The African Slave Trade, Suburbia-Style
It turns out we are still shipping in slaves from Africa to work our estates. And we seem to prefer children.
In the United States today, an estimated one-third of trafficking victims work as domestic servants, mostly in suburban neighborhoods.
The ones who are children often arrive after being sold in their African villages by families impoverished from disease or death. Tens of thousands of children, some as young as three years old, are estimated to be sold annually in Africa for domestic work. But the proper term might be “leased” rather than “sold,” because parents usually only offer the child for a certain period of time, and the family sometimes receives regular pay during the term of the contract.
The children who end up in the United States are bought in Africa by Western tourists or trafficked by immigrants who use them in their own homes or sell them after arrival.
Treatment of domestic slaves differs case by case, but usually the servant is not allowed to eat the same food or live in the same conditions as the rest of the family. (S)he does not attend school and works long hours with little to no pay.
The oppressors are rarely caught, but when they are, the process usually begins with an observant neighbor recognizing the warning signs. They tend to see a combination of traits in a child such as:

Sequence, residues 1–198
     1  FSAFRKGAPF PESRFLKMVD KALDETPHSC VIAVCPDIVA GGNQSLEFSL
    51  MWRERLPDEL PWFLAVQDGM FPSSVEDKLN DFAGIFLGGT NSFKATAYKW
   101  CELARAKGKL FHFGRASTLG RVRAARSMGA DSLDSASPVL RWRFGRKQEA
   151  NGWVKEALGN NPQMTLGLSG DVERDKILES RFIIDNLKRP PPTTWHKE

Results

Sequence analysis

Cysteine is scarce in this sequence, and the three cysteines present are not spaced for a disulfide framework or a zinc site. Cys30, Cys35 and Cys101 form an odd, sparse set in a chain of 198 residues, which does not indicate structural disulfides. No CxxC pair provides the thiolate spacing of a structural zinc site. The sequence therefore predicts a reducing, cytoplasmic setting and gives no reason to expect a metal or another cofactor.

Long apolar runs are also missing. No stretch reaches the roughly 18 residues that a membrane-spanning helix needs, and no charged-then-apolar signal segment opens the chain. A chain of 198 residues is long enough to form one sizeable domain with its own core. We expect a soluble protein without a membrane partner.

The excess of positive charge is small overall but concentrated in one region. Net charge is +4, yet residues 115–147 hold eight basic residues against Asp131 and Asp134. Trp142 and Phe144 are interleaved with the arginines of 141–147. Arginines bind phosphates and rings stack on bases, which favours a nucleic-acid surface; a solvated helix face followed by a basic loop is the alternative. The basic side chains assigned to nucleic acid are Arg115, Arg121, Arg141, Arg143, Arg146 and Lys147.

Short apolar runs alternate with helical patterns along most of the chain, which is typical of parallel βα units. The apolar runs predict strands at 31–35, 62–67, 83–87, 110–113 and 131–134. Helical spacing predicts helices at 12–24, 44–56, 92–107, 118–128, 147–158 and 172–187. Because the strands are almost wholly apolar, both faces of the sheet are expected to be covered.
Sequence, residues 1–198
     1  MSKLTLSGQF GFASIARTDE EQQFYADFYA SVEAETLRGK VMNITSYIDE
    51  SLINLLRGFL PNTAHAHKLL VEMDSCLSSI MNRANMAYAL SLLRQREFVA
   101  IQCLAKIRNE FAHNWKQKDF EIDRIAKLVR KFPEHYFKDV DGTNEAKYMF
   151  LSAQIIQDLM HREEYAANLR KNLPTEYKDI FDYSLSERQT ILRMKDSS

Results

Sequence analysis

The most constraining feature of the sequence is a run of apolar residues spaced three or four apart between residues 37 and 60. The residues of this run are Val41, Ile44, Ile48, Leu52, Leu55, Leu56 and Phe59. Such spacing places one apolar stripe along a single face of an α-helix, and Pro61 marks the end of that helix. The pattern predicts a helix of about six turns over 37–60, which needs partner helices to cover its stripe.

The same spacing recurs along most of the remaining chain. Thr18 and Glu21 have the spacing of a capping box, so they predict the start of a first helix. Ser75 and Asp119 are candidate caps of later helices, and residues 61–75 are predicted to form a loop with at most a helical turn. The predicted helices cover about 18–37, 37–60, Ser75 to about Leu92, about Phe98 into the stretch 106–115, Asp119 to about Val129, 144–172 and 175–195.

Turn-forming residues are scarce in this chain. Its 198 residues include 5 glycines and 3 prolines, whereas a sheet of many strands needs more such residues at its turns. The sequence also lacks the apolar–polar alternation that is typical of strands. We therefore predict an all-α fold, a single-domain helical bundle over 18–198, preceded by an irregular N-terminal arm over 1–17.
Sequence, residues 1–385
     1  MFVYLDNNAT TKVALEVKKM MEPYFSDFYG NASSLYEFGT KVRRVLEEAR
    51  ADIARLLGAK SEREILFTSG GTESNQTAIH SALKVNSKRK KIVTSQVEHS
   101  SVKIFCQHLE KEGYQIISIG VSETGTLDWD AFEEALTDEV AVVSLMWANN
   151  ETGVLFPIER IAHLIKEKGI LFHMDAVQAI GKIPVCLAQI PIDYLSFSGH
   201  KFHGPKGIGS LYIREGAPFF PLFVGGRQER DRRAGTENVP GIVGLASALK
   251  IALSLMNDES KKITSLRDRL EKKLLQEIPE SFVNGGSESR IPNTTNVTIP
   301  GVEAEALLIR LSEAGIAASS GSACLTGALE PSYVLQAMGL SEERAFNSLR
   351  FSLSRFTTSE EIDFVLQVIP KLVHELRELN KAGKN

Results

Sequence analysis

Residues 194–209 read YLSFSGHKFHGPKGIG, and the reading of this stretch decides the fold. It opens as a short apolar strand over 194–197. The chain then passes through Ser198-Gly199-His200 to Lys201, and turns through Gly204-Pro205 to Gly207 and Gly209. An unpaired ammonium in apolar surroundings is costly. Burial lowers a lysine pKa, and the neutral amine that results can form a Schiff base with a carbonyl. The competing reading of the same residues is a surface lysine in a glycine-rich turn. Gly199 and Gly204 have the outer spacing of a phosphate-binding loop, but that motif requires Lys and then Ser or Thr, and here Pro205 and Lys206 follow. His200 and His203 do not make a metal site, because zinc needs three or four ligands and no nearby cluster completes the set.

- working extreme hours doing domestic chores
- not attending school
- not going outside often, including when the rest of the family leaves
- appearing timid and shy, unwilling to speak about herself or himself
- being followed or watched often
- appearing to have been physically abused or injured
- not looking like the rest of the family or not speaking the same language
Anti-trafficking groups advise that the best way to fight slavery as domestic servitude is to become an active and involved neighbor. If you see or suspect forced labor in your neighborhood, you can call the Human Trafficking Information and Referral Hotline at (888) 3737-888.
Child slavery in America’s manicured, middle class house next door: a modern-day Cinderella story, except without the prince, fairy-godmother, or happy ending.
How can someone who is not a very active neighbor right now get started in getting to know people and becoming more involved?
What are some ways to bring neighborhoods together better?